Kumrovec (Croatian pronunciation: [kûmroʋet͡s]) is a village in the northern part Croatia, part of Krapina-Zagorje County. It sits on the Sutla River, along the Croatian-Slovenian border. The Kumrovec municipality has 1,588 residents (2011), but the village itself has only 267 people. The municipality was established on May 6, 1997 after it was split from the municipality of Tuhelj.
Kumrovec's claim to fame is that it is the birthplace of marshal Josip Broz Tito (1892–1980), the president of Yugoslavia. The birth house of Tito (built in 1860 as the first brickwork house in the village) features the Memorial Museum of Marshal Tito, opened in 1953. The Museum is also important for the local folklore. Next to the house is the bronze standing statue of Marshal Tito (made by Antun Augustinčić, 1948). The old part of Kumrovec comprises the Ethnological Museum with 18 village houses, displaying permanent exhibitions of artifacts related to the life and work of Zagorje peasants in the 19th/20th century. The village is small but was of great popularity in the former Yugoslavia.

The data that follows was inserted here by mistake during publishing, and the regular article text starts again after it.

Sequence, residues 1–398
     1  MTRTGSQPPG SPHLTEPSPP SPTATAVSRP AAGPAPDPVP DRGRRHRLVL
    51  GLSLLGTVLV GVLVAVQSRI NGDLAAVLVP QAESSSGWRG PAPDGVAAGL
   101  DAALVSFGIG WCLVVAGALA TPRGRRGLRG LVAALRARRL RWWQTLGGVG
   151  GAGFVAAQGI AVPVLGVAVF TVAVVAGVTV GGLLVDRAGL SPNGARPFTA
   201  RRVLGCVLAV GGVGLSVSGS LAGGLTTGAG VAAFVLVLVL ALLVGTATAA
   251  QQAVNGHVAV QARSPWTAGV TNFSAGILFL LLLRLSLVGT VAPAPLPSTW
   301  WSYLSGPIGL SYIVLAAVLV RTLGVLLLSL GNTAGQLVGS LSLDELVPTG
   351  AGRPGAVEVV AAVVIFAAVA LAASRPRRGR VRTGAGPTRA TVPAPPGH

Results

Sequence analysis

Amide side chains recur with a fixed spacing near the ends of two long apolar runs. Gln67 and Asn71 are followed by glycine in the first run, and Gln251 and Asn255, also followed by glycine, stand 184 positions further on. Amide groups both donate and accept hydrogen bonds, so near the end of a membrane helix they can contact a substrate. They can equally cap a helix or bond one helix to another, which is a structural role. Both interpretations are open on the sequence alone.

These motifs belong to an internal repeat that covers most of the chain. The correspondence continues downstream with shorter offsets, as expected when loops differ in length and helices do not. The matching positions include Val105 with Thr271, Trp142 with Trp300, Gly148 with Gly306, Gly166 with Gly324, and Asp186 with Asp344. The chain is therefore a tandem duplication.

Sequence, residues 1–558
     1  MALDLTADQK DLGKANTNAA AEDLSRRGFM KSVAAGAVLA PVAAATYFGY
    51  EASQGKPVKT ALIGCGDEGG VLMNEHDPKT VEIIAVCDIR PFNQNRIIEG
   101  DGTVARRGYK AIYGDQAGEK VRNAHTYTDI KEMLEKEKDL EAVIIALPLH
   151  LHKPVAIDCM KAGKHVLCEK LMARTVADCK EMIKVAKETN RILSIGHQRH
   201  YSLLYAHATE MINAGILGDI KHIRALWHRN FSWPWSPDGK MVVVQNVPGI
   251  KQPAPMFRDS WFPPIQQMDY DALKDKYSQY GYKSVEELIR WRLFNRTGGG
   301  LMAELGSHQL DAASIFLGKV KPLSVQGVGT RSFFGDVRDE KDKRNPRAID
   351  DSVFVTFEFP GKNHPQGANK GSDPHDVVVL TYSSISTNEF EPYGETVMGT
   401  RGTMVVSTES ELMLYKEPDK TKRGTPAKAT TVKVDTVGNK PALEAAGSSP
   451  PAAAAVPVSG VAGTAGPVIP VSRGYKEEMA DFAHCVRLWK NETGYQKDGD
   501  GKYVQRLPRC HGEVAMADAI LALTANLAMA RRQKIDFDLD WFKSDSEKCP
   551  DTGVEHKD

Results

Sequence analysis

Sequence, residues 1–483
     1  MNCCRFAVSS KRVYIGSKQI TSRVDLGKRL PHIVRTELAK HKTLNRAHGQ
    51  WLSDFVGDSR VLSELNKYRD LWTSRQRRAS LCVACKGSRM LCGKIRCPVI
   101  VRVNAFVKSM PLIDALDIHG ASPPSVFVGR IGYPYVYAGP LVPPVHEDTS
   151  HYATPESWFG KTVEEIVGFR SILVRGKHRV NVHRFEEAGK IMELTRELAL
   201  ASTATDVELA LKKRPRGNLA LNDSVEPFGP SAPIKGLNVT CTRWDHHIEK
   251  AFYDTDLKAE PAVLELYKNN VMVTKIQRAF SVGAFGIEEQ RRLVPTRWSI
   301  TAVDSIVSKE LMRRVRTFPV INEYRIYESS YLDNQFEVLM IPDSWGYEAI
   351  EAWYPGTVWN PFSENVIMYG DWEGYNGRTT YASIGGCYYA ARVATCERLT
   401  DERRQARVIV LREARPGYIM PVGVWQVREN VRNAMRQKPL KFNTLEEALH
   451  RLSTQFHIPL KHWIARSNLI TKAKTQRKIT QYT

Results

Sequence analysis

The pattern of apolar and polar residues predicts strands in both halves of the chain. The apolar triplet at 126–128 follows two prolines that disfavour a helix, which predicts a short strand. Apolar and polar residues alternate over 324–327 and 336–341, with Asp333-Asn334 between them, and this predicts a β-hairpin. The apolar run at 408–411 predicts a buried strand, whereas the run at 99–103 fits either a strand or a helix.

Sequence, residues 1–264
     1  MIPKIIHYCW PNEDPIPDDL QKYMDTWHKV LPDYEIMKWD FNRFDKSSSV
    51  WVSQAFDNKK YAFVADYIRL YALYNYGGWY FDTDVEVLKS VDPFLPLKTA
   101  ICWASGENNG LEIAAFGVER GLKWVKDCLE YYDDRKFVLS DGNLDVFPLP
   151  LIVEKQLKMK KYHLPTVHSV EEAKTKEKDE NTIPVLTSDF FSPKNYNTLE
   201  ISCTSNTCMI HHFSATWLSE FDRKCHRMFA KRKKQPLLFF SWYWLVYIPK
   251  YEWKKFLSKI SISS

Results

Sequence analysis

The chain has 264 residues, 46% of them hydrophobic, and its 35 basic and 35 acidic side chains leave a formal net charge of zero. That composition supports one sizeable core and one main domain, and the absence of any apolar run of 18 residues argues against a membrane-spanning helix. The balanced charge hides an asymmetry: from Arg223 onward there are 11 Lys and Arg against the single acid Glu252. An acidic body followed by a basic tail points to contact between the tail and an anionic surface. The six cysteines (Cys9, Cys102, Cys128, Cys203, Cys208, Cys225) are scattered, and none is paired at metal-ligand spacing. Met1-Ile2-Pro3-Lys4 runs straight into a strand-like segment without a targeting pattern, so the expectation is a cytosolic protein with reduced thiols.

Today the major attraction of Kumrovec is the Ethnological Museum Staro Selo (Old Village) Kumrovec with very well preserved village houses from the turn of 19th/20th century. The reconstruction and redecoration of these houses started in 1977. So far 40-odd houses and other farmstead facilities have been restored, which makes Staro Selo the most attractive place of this kind in Croatia. Visitors may see permanent ethnological exhibitions such as the Zagorje-style Wedding, the Life of Newly-weds, From Hemp to Linen, Blacksmith's Crafts, Cart-wright's Craft, Pottery, From Grain to Bread, etc.
On November 24, 1935 the Brethren of the Croatian Dragon raised a monument to the Croatian anthem Lijepa naša domovino to celebrate its one hundredth anniversary. Kumrovec celebrates this day as its municipal holiday.(Wikipedia)